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The case of thermal expansion, in the linear regime, is handled using a modified stress-strain equation:
where Cij is the elastic modulus tensor and the volumetric expansion terms are e1 = e2 = e3 = e, and the shear terms are e4 = e5 =e6 = 0. In the case of thermal expansion, e would be proportional to temperature, while in the case of moisture-induced expansion or shrinkage, e would depend on relative humidity . The usual Voigt notation is used, where 1 = xx, 2 = yy, 3 = zz, 4 = xz, 5 = yz, and 6 = xy.
The geometry is the same as for the previous cases, except that now we introduce RN + 1 as being the radius of the outermost layer of the matrix plus inclusion system. For free expansion, we need to take the normal stress to be equal to zero at this boundary. There is no applied strain at infinity, so some other condition is needed to be able to determine the problem. The case where the inclusion stops at r = RN, and RN + 1 >> RN , is the dilute case, since the volume fraction of aggregate will be c = R13 / RN+13 << 1. Again, the only displacement is the radial displacement, and the same form is assumed for the displacement in each shell. All notation is the same as the bulk modulus case. The continuity of the displacement is also identical to the case of the bulk modulus, but now, with the extra thermal expansion terms present in the stress strain relationship, the radial stress in the nth layer becomes:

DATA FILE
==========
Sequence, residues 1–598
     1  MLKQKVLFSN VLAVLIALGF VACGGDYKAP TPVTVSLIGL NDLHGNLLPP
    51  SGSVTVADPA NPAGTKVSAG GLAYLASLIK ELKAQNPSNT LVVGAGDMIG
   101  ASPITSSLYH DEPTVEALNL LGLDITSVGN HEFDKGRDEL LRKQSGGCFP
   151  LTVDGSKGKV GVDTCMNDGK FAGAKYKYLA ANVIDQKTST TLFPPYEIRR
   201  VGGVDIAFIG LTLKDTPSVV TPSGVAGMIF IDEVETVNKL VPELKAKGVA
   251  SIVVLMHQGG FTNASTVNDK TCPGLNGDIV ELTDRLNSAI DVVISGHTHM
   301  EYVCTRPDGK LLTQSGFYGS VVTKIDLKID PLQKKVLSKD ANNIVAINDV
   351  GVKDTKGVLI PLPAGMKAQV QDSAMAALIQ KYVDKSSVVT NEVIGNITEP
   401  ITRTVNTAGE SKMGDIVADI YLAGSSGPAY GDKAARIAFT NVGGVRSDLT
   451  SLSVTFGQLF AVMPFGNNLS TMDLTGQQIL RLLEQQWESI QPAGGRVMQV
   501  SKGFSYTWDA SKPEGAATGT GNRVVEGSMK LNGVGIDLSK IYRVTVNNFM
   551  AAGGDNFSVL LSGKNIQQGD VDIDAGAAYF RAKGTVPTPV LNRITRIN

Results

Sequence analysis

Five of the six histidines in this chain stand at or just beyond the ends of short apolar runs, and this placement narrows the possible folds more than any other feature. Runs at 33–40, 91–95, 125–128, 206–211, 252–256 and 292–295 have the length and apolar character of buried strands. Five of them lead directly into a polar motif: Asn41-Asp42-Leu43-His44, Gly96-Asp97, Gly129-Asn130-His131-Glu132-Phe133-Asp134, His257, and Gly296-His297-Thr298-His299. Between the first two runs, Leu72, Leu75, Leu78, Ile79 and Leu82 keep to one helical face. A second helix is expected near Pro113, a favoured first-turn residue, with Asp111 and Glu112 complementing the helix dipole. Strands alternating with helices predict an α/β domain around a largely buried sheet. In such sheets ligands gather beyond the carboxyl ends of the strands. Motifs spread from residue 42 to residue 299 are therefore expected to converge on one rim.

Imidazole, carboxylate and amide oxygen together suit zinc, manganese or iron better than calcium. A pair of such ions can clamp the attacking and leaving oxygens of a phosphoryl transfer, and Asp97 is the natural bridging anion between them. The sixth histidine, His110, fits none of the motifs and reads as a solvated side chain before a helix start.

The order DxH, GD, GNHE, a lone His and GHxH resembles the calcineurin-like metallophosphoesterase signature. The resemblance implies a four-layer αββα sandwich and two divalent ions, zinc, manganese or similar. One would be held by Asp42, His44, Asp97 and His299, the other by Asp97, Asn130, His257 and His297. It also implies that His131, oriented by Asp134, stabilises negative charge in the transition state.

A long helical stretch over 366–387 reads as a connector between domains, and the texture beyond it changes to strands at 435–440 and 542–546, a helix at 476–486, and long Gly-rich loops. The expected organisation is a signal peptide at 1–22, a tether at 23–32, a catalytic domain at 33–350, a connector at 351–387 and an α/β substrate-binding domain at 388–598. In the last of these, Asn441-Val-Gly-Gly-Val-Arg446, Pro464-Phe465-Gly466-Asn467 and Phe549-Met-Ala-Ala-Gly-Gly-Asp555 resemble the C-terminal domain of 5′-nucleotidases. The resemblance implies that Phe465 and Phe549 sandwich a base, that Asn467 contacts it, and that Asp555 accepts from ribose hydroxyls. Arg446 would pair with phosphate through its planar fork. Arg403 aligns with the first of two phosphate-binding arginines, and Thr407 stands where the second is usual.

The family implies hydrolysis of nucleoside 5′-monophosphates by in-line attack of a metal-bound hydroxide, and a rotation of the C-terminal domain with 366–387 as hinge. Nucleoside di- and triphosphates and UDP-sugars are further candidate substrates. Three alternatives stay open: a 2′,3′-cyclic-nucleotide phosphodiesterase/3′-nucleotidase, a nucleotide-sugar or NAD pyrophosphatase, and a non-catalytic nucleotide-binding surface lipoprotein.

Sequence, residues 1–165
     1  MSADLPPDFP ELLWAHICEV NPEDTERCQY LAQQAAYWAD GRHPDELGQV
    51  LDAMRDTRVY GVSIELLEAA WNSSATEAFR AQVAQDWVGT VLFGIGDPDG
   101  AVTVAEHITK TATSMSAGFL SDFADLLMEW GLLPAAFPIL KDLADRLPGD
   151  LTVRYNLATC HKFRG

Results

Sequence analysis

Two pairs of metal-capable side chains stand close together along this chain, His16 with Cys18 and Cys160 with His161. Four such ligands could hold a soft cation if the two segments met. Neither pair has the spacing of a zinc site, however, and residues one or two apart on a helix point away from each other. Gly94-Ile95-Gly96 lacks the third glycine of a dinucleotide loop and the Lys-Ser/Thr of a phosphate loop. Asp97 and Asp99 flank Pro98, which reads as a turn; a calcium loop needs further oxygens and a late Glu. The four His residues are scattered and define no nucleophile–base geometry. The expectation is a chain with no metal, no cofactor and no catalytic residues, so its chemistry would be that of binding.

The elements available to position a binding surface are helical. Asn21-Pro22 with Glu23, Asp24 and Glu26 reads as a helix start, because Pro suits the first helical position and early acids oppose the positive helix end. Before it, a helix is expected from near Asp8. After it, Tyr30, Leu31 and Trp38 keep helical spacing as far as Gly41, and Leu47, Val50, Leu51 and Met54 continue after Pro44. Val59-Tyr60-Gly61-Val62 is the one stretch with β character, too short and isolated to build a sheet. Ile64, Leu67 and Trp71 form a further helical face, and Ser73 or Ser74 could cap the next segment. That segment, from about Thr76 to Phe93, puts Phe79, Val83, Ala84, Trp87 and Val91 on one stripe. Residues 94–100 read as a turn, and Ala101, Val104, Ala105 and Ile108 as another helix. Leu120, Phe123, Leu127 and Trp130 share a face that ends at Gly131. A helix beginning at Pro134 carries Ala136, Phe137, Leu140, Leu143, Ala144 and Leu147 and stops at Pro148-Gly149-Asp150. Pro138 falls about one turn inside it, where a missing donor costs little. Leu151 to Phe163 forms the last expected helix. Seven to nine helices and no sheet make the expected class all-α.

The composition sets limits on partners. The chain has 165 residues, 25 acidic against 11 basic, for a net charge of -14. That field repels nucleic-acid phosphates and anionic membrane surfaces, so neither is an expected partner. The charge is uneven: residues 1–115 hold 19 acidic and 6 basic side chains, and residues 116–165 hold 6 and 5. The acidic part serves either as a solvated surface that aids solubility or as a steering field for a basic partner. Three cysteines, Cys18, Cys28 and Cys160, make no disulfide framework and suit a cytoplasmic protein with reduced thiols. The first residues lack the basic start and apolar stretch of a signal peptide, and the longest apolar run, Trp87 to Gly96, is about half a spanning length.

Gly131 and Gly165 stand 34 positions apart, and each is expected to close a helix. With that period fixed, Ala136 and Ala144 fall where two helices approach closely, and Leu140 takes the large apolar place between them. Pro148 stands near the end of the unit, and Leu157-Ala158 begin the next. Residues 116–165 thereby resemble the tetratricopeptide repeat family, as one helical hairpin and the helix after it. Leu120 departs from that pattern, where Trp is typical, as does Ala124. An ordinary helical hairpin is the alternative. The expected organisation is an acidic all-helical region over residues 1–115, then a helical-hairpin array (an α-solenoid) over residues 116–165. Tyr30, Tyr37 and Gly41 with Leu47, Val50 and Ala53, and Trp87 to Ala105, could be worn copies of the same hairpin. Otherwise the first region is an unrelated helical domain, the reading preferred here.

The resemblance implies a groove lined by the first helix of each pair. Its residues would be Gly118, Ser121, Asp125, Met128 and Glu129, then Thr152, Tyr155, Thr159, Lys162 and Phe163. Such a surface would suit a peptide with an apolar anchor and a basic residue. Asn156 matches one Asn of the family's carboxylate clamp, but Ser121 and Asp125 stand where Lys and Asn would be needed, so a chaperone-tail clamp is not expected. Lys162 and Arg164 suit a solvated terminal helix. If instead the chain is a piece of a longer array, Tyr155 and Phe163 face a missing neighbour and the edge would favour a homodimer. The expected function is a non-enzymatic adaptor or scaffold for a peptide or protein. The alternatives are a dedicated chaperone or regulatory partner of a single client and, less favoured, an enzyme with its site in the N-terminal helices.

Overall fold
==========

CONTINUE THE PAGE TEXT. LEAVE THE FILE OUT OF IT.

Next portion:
where en is the linear expansion of the nth layer.
The equation connecting the coefficients in the (n + 1)th layer to those in the nth layer is then somewhat different from the bulk modulus case as well:
where Zn is a vector of the form:
Now, this equation can be iterated to connect the n = 1 coefficients to the n =N + 1 coefficients. Care must be taken when iterating, as the resulting expression is more complicated than in the bulk modulus case, because of the presence of the Zn terms. The result is
which then can be written as:
Using the fact that B1 = 0 and AN + 1 and BN + 1 are related via the zero stress condition at RN + 1, this equation becomes two linear equations for two variables, AN + 1 and A1. These two variables are then:
The overall thermal expansion is then just how much the size of the system has changed, so that the effective thermal expansion, etot, is the displacement at r =RN + 1 divided by the original radius of the complete system, RN + 1:
etot = AN + 1 + BN + 1 / RN + 13 (42)